Utilizing a MOOC to Assess Student Understanding of Fundamental Principals in Combined Static Loading

Wingate, K., Kadel, R.S., & Madden, A.G. (2017). Utilizing a MOOC to Assess Student Understanding of Fundamental Principals in Combined Static Loading. Conference Proceedings of the American Society for Engineering Education, June 27, 2017, Columbus, Ohio.

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Pathways to the University Presidency

The dynamics of higher education in America today are driving the demand for a new set of skills and capabilities for tomorrow’s leaders. Learn how the role of college president is being transformed, the reasons behind these changes, and what the future implications may be for universities.

Authored by Jeff Selingo, Sonny Chheng, and Cole Clark, this research is a collaboration between C21U and Deloitte's Center for Higher Education Excellence. ​

Effects of in-class hands-on laboratories in a large enrollment, multiple section blended linear circuits course

Ferri, B. H., Ferri, A.A., Majerich, D.M. and Amanda G. Madden.

 (2016) Effects of in-class hands-on laboratories in a large enrollment, multiple section blended linear circuits course. Advances in Engineering Education 5, no. 3

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Educational Research Primer

The purpose of educational research is to better understand how people learn and improve student learning. Typically, this research asks what students think, such as “What is the percentage of students interested in taking courses online?” or assesses how a change in instruction affects learning, such as “Are online lectures are equally effective as face-to-face lectures?”. Your research methods will depend heavily on which of these two goals (or both) you are trying to accomplish and many other factors.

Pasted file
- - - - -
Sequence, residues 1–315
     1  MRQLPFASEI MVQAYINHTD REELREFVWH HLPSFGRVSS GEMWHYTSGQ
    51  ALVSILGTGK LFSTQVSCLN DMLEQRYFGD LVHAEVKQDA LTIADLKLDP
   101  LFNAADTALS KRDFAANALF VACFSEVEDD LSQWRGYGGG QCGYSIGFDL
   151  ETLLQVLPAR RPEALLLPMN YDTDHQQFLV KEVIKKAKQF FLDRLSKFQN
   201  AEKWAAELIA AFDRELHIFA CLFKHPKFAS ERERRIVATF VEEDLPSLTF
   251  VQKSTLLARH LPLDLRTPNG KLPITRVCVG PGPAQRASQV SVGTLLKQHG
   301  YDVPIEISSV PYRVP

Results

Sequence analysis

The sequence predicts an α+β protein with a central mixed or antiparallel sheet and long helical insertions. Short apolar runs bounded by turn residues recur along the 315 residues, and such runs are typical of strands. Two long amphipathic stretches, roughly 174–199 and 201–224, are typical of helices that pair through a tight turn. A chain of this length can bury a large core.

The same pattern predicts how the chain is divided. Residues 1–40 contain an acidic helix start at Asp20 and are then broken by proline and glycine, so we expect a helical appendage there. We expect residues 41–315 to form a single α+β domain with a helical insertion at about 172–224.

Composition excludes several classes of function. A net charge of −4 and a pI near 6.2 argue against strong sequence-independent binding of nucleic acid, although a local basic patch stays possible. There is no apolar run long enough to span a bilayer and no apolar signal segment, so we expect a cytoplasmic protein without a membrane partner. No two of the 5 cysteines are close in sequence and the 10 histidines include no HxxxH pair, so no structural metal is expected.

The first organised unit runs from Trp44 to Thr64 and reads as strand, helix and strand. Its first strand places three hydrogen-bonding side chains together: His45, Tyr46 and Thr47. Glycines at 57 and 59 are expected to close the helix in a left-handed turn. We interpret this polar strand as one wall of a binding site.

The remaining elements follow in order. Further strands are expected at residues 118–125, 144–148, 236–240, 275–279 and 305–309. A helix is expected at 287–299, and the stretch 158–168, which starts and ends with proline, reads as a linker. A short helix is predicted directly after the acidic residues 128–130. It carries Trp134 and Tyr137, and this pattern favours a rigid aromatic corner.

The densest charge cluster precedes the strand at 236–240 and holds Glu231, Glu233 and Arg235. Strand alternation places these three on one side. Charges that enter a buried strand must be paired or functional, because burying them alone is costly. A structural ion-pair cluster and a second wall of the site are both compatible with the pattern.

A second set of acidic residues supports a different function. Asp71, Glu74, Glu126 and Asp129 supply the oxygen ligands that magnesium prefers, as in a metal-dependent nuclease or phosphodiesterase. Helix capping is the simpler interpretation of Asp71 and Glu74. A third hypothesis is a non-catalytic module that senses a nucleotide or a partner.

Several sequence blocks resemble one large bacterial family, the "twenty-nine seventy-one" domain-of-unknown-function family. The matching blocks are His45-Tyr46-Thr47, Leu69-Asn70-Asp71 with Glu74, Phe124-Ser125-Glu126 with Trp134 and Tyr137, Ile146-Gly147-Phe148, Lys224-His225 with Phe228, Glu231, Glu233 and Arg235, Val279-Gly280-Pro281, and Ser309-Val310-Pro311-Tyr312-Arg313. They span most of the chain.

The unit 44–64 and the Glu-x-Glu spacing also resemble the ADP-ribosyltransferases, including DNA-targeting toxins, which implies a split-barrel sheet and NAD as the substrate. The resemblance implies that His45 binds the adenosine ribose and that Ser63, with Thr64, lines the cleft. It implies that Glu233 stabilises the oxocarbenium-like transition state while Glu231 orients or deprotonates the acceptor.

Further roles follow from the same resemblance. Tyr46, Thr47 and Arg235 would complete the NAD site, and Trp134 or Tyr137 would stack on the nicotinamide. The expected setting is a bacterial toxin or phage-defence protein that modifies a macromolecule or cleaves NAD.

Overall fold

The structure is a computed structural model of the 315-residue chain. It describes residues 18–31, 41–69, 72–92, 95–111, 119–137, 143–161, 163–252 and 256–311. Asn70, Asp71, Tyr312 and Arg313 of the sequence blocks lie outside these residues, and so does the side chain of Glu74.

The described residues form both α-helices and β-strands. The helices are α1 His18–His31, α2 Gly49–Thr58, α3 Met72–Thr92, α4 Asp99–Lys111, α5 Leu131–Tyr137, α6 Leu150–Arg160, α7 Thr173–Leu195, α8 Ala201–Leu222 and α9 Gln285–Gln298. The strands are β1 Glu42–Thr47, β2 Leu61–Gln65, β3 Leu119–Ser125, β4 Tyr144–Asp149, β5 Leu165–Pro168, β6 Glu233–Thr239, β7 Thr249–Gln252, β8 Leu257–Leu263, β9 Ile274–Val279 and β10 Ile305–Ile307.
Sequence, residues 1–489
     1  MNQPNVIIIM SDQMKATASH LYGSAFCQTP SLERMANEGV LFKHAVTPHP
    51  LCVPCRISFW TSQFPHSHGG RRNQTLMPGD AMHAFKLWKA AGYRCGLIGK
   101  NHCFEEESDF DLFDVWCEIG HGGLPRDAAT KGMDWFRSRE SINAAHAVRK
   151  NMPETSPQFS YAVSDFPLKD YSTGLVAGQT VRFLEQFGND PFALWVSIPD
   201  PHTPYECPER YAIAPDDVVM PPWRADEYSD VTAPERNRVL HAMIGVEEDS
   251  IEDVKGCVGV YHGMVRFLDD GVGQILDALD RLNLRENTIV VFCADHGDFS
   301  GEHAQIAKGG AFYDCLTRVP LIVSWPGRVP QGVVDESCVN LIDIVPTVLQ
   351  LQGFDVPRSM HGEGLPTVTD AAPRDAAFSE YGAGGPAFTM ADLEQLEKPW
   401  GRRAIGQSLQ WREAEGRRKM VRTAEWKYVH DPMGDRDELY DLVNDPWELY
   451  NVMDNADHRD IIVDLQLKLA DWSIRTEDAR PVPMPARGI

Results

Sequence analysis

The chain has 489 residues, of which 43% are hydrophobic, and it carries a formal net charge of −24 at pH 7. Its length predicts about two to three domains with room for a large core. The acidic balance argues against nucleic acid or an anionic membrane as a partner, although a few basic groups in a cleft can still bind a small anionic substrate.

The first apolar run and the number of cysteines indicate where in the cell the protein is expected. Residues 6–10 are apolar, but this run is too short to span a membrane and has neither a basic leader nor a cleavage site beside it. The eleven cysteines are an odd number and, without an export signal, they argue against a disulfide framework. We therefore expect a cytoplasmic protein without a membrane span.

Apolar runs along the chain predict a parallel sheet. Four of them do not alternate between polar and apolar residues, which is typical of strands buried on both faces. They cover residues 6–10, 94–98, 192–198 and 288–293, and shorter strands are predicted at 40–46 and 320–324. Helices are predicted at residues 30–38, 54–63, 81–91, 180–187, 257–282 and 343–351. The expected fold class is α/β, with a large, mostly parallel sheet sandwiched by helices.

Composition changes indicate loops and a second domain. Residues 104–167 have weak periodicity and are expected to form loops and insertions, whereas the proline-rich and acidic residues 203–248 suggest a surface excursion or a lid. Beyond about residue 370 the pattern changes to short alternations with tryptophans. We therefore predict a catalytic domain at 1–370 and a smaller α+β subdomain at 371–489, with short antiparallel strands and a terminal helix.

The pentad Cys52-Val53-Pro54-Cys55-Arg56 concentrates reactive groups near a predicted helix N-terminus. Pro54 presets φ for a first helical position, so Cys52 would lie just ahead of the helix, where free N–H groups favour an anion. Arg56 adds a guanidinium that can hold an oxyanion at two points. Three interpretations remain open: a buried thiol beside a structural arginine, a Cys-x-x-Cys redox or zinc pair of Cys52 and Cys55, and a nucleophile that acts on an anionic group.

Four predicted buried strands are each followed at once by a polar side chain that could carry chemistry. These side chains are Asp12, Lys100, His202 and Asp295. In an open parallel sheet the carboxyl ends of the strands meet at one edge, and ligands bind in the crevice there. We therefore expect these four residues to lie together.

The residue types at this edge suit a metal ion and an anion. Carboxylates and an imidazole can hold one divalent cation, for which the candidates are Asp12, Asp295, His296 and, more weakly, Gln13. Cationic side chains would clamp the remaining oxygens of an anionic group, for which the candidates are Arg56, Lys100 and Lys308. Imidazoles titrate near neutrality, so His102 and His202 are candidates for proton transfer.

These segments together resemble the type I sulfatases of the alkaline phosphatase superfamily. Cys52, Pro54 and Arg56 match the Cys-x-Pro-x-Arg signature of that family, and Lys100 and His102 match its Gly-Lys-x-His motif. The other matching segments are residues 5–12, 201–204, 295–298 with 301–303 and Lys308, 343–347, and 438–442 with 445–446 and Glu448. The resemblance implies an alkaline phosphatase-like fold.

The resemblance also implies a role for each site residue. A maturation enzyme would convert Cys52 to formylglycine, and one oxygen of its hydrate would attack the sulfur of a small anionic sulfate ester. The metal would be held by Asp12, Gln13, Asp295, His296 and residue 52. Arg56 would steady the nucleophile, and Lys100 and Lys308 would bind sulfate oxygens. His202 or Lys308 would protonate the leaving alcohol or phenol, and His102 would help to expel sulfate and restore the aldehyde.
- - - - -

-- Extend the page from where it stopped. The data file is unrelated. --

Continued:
Strengths of Educational Resources White Paper

With an onslaught of many new technologies and new uses of technology in education to provide alternative methods for instructing students, many educators were left wondering when it is appropriate to use technology for instruction in higher education. A slew of research suggests the circumstances under which technology improves, maintains, or even hurts learning outcomes, but many of these studies compare the new method of instruction to a “traditional” method in which a lecturer talks at students during class time, holds office hours, and provides little additional support.

Use of a MOOC Platform to Blend a Linear Circuits Course for Non-Majors

This paper describes a project where a MOOC (Massive Open Online Course) was developed in order to blend a Circuits and Electronics course taught to non-majors at Georgia Tech. The MOOC platform contains videos of all the course lectures, online homework, and quizzes. Over 400 students take this course on campus each term. Since these students were spread over eight to nine sections, consistency of coverage and of grading was a major motivation for inverting this course.

Flippin' Fluid Mechanics--Comparison Using Two Groups

This study provides an empirical analysis of using online technologies and team problem solving sessions to shift an undergraduate fluid mechanics course from a traditional lecture format to a collaborative learning environment. Students were from three consecutive semesters of the same course taught by the same professor. Two treatment groups (Flipped, FlippedPlus) used different combinations of online technologies (Tegrity, WileyPlus, NetTexts).

Hybrid, Blended, Flipped, and Inverted: Defining Terms in a Two Dimensional Taxonomy

The terms hybrid, blended, flipped, and inverted are inconsistently defined in the literature creating a barrier to efficient research on and implementations of these types of classes. This paper examines existing definitions of these new types of courses and uses those definitions to identify two dimensions critical to differentiating types of courses: how instruction is delivered to students and what type of instruction students receive. The paper then addresses how these dimensions were used to create a taxonomy that defines hybrid, blended, flipped, and inverted classrooms.

New Ecosystems in Higher Education and What They Mean for Accreditation and Assessment

In its American incarnation, accreditation exists because of a confluence of two otherwise unrelated historical trends. The first involved the massive outpouring of philanthropy to institutions of higher learning at the beginning of the 20th century. Shocked by the dismal state of university administration and accountability, industrialists like John D. Rockefeller and Andrew Carnegie demanded minimal standards as a condition for receiving grants and gifts. These were men of industry who were enamored with industrial management practices, including quality control and measurement.